The early weeks of pregnancy are fragile—and confusing. Here, the answers to your questions.
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No. If your baby had been allergic to anything in your system, he would have died before birth. Perhaps what your doctor meant is that your baby is allergic to a particular food in your diet. Your breast milk can contain protein fragments from foods, and if your baby is allergic to them, they can cause gas, rashes, reflux or other problems. To figure out if this is the case, eliminate from your diet the foods that are most likely to cause allergic reactions--dairy products, eggs, peanuts and soy--for two weeks. Then slowly add each one back in while monitoring your baby's reaction.
Reflux is a fairly common condition in which food and digestive juices back up into the esophagus from the stomach, often causing excessive spitting-up and, rarely, vomiting. Since your baby is breastfed, you may want to try eliminating such common allergens as dairy, eggs, wheat and peanuts from your diet; some women say they've had good success with this approach. If it doesn't help, your doctor may choose to prescribe medication for your infant.
Pregnant women often worry that breastfeeding will spoil the appearance of their breasts. Even in developing nations, where international agencies actively promote nursing, the fear of sagging breasts often prevents new mothers from following the recommendation to breastfeed, says Brian Rinker, M.D., an assistant professor of plastic surgery at the University of Kentucky in Lexington.
Studies have shown that any breast surgery, including biopsy, reduction or augmentation, may result in inadequate milk supply. Experts aren't sure why augmentation might have this effect, but there's speculation that the surgery could cause damage to the milk ducts or that pressure from the implants could harm the breast tissue. Whether the implants are saline or silicone doesn't seem to affect nursing success, but the incision location does.
Despite your best intentions, you're ready to give up: Breastfeeding has rendered your nipples a cracked and painful mess, and you can't take it anymore. Instead of treasuring those intimate moments of nursing your baby, you've come to dread them. But it doesn't have to be this way.
When I started a new job in the early '90s, Something stunning happened at my first staff meeting: A co-worker discreetly pumped her breasts during the half-hour gathering. This was no act of boldness, I later learned--simply business as usual at this particular office. After my son was born a few years later, I knew I could return to work and keep nursing without difficulty, given that pumping would be convenient (extremely so, obviously!) and no big deal to my co-workers.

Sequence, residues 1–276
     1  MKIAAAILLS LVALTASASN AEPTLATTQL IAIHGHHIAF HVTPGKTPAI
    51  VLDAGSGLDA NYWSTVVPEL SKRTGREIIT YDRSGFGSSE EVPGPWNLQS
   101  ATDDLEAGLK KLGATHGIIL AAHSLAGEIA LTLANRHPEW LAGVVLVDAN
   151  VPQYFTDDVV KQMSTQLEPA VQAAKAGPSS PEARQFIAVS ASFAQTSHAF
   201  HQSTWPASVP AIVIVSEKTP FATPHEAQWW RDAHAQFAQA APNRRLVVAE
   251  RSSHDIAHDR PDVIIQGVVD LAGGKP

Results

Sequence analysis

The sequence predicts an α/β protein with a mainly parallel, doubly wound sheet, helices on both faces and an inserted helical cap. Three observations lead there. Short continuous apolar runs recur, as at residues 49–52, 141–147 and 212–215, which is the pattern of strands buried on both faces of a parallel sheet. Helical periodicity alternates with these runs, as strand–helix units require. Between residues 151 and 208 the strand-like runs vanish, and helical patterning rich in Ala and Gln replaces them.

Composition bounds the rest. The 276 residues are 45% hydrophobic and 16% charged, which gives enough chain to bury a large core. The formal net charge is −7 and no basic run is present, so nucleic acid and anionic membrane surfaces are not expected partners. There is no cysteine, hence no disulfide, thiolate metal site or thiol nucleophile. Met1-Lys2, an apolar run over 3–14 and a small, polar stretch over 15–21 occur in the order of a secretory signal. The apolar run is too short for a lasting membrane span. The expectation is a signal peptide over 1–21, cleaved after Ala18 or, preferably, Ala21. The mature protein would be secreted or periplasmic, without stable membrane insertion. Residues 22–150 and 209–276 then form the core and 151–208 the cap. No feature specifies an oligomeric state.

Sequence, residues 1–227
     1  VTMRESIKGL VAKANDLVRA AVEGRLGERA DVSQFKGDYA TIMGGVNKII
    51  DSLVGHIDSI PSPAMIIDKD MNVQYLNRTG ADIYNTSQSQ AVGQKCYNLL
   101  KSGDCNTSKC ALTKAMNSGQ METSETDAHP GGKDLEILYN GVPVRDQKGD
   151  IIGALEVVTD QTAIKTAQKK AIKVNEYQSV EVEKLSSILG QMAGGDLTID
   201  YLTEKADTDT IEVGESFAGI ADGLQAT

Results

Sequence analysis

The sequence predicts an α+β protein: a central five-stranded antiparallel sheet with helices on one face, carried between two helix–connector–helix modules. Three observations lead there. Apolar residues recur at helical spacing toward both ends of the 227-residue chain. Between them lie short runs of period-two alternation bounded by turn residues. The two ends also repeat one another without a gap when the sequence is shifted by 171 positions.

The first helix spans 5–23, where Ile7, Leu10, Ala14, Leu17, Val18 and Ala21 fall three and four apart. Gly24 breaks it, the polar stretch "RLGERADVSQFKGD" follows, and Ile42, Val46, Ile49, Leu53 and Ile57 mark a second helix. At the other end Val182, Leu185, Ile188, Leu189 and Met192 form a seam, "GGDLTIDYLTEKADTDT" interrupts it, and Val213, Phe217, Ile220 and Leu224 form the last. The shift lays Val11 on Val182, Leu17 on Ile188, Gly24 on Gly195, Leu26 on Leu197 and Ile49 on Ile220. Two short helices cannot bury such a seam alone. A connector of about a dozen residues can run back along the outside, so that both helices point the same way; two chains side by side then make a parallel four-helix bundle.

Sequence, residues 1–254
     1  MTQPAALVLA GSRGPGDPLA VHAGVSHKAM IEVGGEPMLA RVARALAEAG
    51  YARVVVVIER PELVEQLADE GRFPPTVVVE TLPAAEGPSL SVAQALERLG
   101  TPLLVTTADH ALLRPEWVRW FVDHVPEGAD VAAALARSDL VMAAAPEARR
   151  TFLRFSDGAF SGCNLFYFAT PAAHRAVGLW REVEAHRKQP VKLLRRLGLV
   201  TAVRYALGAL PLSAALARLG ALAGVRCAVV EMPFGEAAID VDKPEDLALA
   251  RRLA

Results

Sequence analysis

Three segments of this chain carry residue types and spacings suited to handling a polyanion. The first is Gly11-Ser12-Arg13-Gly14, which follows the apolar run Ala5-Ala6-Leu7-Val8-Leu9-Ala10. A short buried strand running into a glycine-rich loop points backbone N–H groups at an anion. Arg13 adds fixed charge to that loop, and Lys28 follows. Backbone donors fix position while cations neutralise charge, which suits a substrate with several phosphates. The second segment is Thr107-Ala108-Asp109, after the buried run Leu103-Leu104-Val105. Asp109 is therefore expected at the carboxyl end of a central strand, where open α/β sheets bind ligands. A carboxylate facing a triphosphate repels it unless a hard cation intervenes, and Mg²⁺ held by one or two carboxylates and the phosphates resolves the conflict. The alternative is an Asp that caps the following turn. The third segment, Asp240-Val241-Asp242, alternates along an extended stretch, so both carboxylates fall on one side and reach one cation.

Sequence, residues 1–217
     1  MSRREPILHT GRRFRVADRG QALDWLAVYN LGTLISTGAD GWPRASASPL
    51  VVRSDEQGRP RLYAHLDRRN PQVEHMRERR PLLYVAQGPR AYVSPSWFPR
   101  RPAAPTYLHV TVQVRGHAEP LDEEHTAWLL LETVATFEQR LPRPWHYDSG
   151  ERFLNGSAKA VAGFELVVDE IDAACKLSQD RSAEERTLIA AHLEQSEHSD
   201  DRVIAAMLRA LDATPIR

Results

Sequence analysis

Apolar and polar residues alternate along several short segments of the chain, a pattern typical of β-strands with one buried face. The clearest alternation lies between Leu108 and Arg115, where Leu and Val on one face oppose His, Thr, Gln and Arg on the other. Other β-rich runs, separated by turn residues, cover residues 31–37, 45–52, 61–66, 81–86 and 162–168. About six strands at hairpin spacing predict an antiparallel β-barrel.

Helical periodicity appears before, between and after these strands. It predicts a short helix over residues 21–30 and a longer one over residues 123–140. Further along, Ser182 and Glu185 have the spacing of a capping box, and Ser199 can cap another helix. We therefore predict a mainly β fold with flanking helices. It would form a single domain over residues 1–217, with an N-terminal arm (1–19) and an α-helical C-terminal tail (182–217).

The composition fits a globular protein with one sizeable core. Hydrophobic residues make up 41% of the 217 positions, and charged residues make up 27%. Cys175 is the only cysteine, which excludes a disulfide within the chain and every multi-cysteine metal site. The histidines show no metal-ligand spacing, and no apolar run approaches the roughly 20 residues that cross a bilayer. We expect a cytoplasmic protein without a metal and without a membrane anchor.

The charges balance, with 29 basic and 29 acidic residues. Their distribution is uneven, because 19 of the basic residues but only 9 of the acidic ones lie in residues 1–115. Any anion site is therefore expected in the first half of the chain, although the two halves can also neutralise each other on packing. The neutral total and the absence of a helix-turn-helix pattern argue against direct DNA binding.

While the number of new mothers who are breastfeeding is increasing, cultural and other influences conspire to keep many of them from doing so. Don't let that happen to you. Here are tips to help you overcome some of the common hurdles.
Most pregnant women who say they're going to breastfeed do--but many stop before their babies get much benefit. Researchers looked at data on more than 30,000 women and found that 13 percent of those who breastfed their newborns stopped by the time the baby was a month old, even though experts recommend breast milk as the baby's exclusive food for the first six months.
Although your partner may beg to differ, your breasts' fundamental purpose is to provide sustenance to your offspring.
Alas, the irony is that while nursing may be the most natural act in the world, it isn't always easy. "I've been helping moms breastfeed for 30 years," says Sue Huml, I.B.C.L.C., director of education for Lansinoh Laboratories, a maker of breastfeeding products in Alexandria, Va.
Whenever my pregnant friends ask me for tips about breastfeeding, I advise this: Before you sit down to nurse, make sure there's a tall glass of something wet within reach. I experienced an overwhelming thirst the second my son started to suckle, and grape juice was the only thing that quenched it. Other women have told me that instead of water, Gatorade and carrot juice quelled their insta- dehydration.
"I had bilateral silicone implants placed at age 17," says Kristen, a 39-year-old mother of two. "I nursed both of my children with no complications or problems. I even had a ruptured implant, which was encapsulated by scar tissue, and my doctor still recommended breastfeeding."
Chances are you're pretty well aware of breastfeeding's benefits. Most likely, your doctor has told you that breast milk is the best form of nutrition for your baby and that breastfed babies get sick less often. She also may have mentioned that nursing burns calories (hooray!) and that it lowers your risk for breast and ovarian cancers. Plus, it promotes bonding with your infant.